Instead, here's a short video from Greg, Andrei, and I that explains why we are so excited to tackle this challenge (and showing how terrible we are at reading from scripts while recording via Zoom):'s mission is to transform the real-world media experience—to enable any screen in any business to be the one screen that can connect a content creator and their ideal audience— in a way where everyone wins.

You might be surprised how much of an impact an additional $300-$3,000 per month can have on a small business. On calls with the first businesses to join our platform, they tell us that it can mean the difference between hiring back an additional employee or even if they re-open at all.

(no pressure.)

We believe there is an opportunity to create a new, transformative digital experience that makes life better for consumers and content creators everywhere. But our worst-case scenario is that we help small businesses during a time of great need.

"Wait so is this like Minority Report?"

Okay, we get this question a lot. What makes Minority Report creepy isn't the real-time personalization of ads, it's the lack of control that people have over their privacy. The man was literally on the run from the psychics, the authorities, and even changed his eyeballs to avoid being recognized by automated technologies!

Consumers are already annoyed by cookies on their computers. Suffice it to say that any marketer who thinks they'll be able to abuse the trust of consumers to the point where they're swapping out eyeballs is unlikely to survive the next ten years as consumers demand control of their privacy, data, and lives. is built from the ground-up for consumers to be able to control exactly how their data is used to power the interactive screens. We'll share more on this in the near future.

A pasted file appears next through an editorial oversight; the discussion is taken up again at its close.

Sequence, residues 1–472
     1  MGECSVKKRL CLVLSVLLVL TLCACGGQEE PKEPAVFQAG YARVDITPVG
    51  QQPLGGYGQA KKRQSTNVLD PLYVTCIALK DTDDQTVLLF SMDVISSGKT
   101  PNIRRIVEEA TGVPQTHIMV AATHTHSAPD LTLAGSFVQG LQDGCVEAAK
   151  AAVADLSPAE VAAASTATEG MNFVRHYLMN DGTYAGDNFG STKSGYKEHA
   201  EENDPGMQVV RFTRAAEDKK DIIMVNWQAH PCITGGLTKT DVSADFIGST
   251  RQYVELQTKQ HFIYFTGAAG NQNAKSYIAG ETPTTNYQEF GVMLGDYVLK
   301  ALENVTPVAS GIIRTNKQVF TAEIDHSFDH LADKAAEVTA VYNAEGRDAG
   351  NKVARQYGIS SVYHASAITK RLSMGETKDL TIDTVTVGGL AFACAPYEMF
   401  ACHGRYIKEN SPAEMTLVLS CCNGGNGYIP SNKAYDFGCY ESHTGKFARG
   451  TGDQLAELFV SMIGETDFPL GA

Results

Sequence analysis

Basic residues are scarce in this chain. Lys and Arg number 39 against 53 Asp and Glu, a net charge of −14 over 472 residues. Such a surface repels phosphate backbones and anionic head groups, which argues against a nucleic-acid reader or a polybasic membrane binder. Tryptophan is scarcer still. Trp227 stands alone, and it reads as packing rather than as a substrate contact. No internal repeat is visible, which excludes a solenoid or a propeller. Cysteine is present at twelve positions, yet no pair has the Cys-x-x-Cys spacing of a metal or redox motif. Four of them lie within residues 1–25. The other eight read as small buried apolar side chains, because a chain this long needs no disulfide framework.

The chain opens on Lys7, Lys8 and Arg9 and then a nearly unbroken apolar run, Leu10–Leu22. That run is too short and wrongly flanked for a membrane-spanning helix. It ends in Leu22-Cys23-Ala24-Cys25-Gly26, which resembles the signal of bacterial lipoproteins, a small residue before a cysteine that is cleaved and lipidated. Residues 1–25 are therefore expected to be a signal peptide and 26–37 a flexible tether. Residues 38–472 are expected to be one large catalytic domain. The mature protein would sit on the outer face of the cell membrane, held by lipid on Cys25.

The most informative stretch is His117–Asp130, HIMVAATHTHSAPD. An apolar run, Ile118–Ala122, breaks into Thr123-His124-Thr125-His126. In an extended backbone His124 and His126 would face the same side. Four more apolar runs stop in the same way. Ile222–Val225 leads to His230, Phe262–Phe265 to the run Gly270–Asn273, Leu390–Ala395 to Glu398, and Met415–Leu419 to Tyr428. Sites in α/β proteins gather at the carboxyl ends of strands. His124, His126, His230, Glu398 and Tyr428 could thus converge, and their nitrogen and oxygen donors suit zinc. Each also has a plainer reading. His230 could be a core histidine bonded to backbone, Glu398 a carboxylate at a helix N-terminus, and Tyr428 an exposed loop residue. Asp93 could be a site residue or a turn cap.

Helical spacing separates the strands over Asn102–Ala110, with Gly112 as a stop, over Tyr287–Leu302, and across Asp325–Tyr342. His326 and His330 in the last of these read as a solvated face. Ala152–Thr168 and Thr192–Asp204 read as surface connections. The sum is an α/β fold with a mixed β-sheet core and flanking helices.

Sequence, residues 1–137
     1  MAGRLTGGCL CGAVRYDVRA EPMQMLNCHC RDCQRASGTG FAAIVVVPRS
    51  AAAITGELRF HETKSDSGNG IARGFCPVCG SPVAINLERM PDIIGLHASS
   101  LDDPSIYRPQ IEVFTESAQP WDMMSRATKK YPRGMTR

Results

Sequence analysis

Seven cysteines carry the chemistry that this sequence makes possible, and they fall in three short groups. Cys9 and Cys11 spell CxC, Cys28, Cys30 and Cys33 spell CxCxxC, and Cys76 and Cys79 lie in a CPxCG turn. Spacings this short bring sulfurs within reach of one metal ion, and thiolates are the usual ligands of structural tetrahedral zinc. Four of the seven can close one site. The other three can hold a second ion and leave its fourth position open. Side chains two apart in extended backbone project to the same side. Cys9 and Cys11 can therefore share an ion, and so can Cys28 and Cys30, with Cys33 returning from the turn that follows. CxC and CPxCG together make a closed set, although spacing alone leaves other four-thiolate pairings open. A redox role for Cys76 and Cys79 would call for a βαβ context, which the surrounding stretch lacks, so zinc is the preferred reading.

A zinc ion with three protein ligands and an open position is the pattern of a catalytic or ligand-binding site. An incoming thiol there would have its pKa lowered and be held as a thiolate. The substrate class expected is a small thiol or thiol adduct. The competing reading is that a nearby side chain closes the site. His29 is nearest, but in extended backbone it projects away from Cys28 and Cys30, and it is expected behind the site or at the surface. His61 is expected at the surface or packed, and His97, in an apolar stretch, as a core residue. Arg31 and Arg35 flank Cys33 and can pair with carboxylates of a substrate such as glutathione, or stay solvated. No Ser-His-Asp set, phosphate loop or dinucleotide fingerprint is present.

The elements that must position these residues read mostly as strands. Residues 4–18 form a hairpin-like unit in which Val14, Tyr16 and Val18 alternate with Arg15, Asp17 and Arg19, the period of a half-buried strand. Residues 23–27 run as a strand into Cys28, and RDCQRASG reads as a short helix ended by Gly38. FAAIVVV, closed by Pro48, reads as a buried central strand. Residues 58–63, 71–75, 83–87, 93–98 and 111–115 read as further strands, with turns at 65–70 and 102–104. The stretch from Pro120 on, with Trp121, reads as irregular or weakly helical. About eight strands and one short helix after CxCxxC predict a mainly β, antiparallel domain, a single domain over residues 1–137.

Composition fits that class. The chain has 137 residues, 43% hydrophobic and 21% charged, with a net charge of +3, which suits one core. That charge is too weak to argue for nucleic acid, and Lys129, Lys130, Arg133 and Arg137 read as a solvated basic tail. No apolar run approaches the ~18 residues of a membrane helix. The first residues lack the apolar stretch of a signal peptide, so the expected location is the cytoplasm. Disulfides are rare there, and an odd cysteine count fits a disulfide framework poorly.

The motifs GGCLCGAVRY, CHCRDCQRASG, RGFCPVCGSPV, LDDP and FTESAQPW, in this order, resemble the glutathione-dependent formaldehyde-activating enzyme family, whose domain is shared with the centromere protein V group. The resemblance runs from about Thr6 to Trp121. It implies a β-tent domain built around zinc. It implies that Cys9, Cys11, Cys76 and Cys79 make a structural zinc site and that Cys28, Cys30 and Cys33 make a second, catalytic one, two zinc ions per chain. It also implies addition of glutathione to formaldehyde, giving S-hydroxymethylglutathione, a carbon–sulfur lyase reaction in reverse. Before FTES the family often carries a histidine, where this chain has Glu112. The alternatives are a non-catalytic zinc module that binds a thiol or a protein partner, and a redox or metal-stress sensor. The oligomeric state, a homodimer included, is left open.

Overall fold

I'd like to thank all of the people in the out-of-home industry who have given us such a warm and genuinely helpful reception. I'll be honest—usually, when a startup comes into a centuries-old industry with a grand new vision, they can’t always expect a warm reception. There are people who have been doing good work in this industry for longer than I've been an adult professional. But from the folks at large companies like ClearChannel and Lamar to the folks at tech startups like UpShow, we've been offered nothing but advice, cooperation, and encouragement.

I've spent a career in strategic planning using frameworks like Clay Christensen's "Disruptive Innovation" model or the "Blue Ocean" strategy. Never in my career so far have I encountered an industry with so much potential to grow and so much willingness to endure the burdens of change.

Tim Rowe is one of those people who has welcomed us and given us advice, so I'll leave you with this video of our conversation. Ignore the creepy paintings of aliens in the background behind me, it's a long story.